Battle of Gettysburg close to home for Porter family of Connellsville
Thousands of people make a pilgrimage to Gettysburg each year for a spectacular re-enactment of the Civil War's pivotal clash on July 1-3. But Harry Porter of Connellsville need only open his photo albums for a personal reminder.
His grandfather, William H. Porter, fought at Gettysburg with the 142nd Pennsylvania Volunteers -- and Harry Porter has the papers, photos, ribbons and even bullets to prove it.
"My wife (Gloria) and I have seen the re-enactment many times. We usually go to Gettysburg at least once a year," said Porter, 88, himself a World War II veteran who served in the South Pacific.
He is proud to point out that Grandpap Porter's photo is the only one from the 142nd Pennsylvania Volunteers to have been displayed on Gettysburg's "Wall of Faces." William Porter returned after the war, married, raised 13 children and died in October 1913 at age 71. He is buried in Chestnut Hill Cemetery near East Park; in 1997, Harry Porter replaced the original headstone, which was severely weather-beaten.
William Porter was a member of Company H of the 142nd, which was based in Fayette County, enlisting in August 1862.
Fought at Fredericksburg and Chancellorsville First
The 142nd saw its first action at the Battle of Fredericksburg, Virginia, in December 1862; among the casualties of that ill-fated struggle was William Kurtz of Connellsville. In May 1863, they were pitted against the Rebels at Chancellorsville, Va., the battle in which Confederate Thomas "Stonewall" Jackson was mortally wounded by his own men. Like Fredericksburg, Chancellorsville was a Southern victory.
The diminishing 142nd tramped their way northward to Gettysburg, where they saw their fiercest fighting on July 1 -- first at McPherson's Ridge, then at Seminary Ridge, until they were driven back to Cemetery Hill and outflanked on their right and left by North Carolina troops. Today, a 142nd Pennsylvania Volunteers memorial stands on Gettysburg's National Battlefield site.
After Gettysburg, the 142nd swung south again, fighting in the Battles of the Wilderness in spring 1864 and at the Siege of Petersburg, Va., from June 1864 to April 1865. They were on hand at the Appomattox Courthouse on April 9, 1865 when Gen. Robert E. Lee surrendered his Confederate troops to Union Gen. Ulysses S. Grant.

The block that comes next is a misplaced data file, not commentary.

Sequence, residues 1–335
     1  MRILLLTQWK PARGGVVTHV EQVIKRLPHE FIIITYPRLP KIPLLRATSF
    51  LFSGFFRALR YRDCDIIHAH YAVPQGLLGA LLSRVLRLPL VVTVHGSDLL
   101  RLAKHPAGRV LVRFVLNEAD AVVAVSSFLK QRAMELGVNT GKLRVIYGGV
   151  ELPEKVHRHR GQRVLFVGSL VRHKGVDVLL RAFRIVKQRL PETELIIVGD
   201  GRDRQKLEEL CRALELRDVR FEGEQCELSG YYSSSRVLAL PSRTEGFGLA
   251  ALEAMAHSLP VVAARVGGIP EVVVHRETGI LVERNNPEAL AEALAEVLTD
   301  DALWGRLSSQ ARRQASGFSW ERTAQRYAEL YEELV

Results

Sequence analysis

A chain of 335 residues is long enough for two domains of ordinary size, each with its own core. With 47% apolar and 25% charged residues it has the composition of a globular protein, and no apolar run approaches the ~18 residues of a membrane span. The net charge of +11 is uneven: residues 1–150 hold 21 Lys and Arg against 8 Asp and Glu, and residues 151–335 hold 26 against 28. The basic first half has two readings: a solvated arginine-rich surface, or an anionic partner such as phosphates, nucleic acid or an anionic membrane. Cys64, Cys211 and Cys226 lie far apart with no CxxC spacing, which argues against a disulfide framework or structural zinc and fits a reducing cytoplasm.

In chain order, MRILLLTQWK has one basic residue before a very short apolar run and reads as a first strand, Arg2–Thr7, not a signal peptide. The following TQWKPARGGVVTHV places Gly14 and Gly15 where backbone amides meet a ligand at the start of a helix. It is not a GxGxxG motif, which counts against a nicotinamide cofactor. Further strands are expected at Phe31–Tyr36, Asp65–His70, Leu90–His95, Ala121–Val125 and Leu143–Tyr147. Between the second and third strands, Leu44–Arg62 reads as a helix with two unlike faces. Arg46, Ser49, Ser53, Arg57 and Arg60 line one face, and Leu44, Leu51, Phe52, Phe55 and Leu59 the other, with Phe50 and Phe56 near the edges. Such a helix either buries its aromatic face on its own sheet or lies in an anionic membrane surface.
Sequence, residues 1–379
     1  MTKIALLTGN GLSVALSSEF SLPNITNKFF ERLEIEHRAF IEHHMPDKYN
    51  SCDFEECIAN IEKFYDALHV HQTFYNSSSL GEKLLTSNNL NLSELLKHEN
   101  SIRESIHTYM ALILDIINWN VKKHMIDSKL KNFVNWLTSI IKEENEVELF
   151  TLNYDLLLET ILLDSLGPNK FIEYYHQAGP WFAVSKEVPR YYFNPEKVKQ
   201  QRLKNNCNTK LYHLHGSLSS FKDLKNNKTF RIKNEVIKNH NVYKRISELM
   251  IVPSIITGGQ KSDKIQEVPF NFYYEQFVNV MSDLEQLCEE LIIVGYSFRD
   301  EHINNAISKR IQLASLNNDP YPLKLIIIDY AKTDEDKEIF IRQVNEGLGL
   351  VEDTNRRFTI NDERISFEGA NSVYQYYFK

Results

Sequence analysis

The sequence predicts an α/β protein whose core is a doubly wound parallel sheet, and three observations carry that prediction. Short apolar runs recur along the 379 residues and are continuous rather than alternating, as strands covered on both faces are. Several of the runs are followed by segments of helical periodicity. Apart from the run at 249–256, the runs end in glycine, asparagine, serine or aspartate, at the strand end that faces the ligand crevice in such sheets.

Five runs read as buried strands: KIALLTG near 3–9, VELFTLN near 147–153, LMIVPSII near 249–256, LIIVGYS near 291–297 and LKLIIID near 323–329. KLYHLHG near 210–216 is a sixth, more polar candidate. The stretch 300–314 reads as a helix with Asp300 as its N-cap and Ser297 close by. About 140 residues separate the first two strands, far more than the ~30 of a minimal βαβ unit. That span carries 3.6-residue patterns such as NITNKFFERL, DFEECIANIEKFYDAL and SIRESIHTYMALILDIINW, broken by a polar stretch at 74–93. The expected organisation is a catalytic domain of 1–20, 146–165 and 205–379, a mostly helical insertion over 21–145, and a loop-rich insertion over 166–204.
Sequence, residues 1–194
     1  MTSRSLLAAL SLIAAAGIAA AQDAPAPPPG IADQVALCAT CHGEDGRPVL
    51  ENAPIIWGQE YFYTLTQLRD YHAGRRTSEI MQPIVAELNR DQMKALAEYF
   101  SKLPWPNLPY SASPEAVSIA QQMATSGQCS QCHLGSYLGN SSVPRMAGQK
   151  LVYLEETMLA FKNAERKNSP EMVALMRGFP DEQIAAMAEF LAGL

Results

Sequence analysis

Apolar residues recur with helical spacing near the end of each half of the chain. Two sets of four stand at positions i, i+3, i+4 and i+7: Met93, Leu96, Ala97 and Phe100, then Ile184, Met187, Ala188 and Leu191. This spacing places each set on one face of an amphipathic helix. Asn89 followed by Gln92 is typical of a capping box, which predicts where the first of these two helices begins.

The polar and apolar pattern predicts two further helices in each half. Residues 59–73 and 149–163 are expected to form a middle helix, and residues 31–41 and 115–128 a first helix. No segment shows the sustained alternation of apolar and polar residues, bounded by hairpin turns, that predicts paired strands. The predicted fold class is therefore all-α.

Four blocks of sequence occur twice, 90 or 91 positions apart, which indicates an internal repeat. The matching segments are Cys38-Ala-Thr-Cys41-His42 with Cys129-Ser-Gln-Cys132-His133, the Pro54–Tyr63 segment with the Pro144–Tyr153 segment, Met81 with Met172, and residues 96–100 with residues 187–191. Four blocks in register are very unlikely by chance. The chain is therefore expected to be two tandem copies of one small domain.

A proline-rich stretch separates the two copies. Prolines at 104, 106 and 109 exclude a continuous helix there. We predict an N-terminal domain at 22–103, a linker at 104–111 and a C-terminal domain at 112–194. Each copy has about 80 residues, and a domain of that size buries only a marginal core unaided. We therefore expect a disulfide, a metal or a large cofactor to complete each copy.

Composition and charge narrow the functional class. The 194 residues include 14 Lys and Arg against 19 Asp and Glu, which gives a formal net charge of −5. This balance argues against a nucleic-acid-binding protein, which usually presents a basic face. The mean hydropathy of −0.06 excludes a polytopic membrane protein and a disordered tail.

227 Men Lost
The 142nd Pennsylvania Volunteers started out with 550 men. Only 243 returned home; seven officers were killed as well as 148 enlisted men, and 72 died from disease, a total loss of 227.
Harry Porter learned about his grandfather secondhand.
"My father (Ellis Church Porter) said my grandfather didn't want to talk much about it. He would tell people to 'skedaddle' when they asked questions."
"Papa (Harry's father) would tell us stories about his father," Harry's wife Gloria added. "He said (William Porter) was a little, soft-spoken guy."
After the war, William Porter married a Perry Township widow named Nancy Layton Blakely, who had one daughter. Eventually, they moved to South Connellsville, where they built a house on West Gibson Avenue. There, their 13 children were born, including their youngest, Ellis, who was Harry Porter's father. The house is still occupied today.
William Porter worked at a local stone quarry, walking to work across a swinging bridge that was located near the site of today's Anchor Hocking Plant, Harry Porter said.
War's Ills Lasted Lifetime
However, the Civil War veteran never regained his full health after the war. He had suffered from heart palpitations and rheumatism in his back, a result of exposure in primitive battlefield camps. His right knee also bothered him all of his life; he had been wounded by an artillery shell.
Despite these ailments, Porter -- at age 71 -- managed to attend the 50th anniversary of the Battle of Gettysburg in July 1913. Ironically, he came down with pneumonia that October after serving as a pallbearer for his wife's friend.
"He contracted a cold and took to his bed almost immediately," Harry Porter said.
On Oct. 19, 1913, William Porter died, leaving his family with only memories -- and the Civil War memorabilia that his grandson now treasures and plans to pass on to his own grandchildren and great-grandchildren.
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